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Claim Order Nixes Part Of Prolifiq Patents As Indefinite


A California federal judge has issued a claim construction order that invalidates several claims of two Prolifiq Software Inc. email patents asserted against defendant Veeva Systems Inc., finding they are indefinite because they do not provide information about what falls outside the claims.

In the process of construing the claims, U.S. District Judge Susan Illston concluded Wednesday that Veeva had proven that the claim term "differently versioned," which is found in seven of the 31 claims asserted by Prolifiq, is indefinite, rendering those claims invalid.

The judge ruled that the meaning of the term exists in a "zone of uncertainty" and thus fails to provide a person skilled in the art with reasonable certainty as to the scope of the invention, as required by the U.S. Supreme Court's June ruling on the standard for indefiniteness.

"Because the boundaries of the claims containing this term often depend on the on the unrestrained, subjective opinion of the person practicing the invention, Veeva has met its burden of proving by clear and convincing evidence that the claims at issue are indefinite," the judge wrote.

According to the ruling, the two patents Prolifiq accused Veeva of infringing relate to email technology, specifically adapting messages depending on the capabilities of the receiving device. For instance, the order notes that some devices may be able to display videos in email, while other may be capable of only showing text.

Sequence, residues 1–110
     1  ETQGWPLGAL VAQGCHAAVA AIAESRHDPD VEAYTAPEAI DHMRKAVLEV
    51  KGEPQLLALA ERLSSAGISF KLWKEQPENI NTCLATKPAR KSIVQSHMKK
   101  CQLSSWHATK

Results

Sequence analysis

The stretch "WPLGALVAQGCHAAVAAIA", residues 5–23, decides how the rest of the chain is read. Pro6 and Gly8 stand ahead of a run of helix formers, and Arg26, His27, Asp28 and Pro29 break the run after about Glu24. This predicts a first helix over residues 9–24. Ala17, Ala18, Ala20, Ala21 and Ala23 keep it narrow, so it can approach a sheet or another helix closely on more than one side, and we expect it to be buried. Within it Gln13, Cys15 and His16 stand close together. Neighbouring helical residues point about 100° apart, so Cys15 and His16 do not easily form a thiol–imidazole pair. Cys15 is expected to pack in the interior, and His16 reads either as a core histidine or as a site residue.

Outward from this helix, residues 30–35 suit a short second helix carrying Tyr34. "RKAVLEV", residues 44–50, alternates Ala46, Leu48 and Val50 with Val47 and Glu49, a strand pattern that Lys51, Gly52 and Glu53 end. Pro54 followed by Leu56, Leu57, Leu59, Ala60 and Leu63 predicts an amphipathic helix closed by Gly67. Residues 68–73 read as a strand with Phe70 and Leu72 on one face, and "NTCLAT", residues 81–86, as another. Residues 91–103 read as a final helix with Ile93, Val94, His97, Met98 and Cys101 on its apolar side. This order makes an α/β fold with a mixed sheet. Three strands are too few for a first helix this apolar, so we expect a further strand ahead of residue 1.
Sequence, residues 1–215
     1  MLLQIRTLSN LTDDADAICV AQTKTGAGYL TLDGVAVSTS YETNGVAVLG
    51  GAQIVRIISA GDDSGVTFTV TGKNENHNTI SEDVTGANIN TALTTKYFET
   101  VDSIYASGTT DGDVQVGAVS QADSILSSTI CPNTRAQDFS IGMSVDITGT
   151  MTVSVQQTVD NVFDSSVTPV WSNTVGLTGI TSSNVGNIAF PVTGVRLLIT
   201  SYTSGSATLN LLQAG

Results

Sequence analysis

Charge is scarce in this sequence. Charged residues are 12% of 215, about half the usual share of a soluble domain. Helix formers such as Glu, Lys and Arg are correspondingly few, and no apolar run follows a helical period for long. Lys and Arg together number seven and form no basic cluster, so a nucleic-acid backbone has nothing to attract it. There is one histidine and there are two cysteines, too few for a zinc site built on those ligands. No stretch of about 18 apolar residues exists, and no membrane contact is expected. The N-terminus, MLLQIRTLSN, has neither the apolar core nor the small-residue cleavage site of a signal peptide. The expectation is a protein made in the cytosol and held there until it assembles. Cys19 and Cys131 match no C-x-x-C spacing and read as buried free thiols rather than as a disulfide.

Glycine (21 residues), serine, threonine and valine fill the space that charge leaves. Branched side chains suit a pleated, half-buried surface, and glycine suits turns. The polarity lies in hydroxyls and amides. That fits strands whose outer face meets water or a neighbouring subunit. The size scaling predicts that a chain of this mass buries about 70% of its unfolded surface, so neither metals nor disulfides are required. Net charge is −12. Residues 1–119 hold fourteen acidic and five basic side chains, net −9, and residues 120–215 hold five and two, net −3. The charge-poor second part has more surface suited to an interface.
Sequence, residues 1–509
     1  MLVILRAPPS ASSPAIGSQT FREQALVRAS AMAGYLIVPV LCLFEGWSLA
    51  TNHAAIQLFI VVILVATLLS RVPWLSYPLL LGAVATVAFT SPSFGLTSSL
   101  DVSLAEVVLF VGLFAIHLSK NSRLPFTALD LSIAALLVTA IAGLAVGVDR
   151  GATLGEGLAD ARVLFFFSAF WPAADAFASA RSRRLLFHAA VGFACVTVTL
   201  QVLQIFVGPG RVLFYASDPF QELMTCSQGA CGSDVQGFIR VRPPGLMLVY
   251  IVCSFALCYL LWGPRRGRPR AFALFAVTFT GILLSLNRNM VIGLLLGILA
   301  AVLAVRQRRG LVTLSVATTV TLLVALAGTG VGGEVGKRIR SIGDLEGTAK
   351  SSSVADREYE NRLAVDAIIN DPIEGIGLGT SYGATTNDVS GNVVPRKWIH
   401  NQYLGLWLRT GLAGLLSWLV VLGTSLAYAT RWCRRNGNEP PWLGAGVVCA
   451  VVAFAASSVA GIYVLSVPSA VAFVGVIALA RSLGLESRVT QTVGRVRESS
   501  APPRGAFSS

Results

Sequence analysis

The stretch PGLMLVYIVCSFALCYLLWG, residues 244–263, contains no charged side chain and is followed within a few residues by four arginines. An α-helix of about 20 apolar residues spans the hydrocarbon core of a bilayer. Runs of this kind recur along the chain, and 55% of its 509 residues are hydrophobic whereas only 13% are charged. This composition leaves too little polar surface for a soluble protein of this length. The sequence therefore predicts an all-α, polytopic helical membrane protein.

The invention allows users to send messages to that show text on one device and video on another based on the recipient's capabilities, according to the order. The patents refer to "differently versioned" content elements, which is where the indefiniteness dispute arose.

The judge ruled that the patents do not provide an objective standard for determining what "differently versioned" means, so they are invalid as indefinite.

Prolifiq argued that the term is not indefinite because the patent gives examples of "differently versioned" content, such as video files and flash files, but the judge said that does not provide any information about what falls outside of the claims.

"Stating examples of differently versioned digital content elements only provides information about when something is a differently versioned digital content element, but it does not provide information about when something is not a differently versioned digital content element," she wrote.

Determining whether something is "differently versioned" therefore relies upon the subjective opinion of the person practicing the invention, the judge said. For instance, she said one person looking at an image of a dog and an image of a cat could determine that the images are differently versioned because dogs and cats are different, while another person could conclude that they are not differently versioned because they are both pets.

Because "differently versioned" provides no clarity as to the scope of the claims, they are invalid, the judge ruled.

Prolifiq sued Veeva in August 2013, alleging that the two companies had worked together on a new product and that Prolifiq had given Veeva access to one of its products called Rep Trigger.

Prolifiq claimed that after they worked together, Veeva announced a new product called Approved Email that duplicates the functionality of Rep Trigger and infringes Prolifiq's patents.

The patents at issue in the claim construction order are U.S. Patent Numbers 7,634,556 and 8,296,378.

Prolifiq is represented by Nicholas Brown, Sarah Barrows, Stephen Ullmer and Stephanie Ahmad of Greenberg Traurig LLP.

Veeva is represented by Christa Anderson, Eugene Paige, Khari Tillery and Sophie Hood of Keker & Van Nest LLP.

The case is Prolifiq Software Inc. v. Veeva Systems Inc., case number 3:13-cv-03644, in the U.S. District Court for the Northern District of California.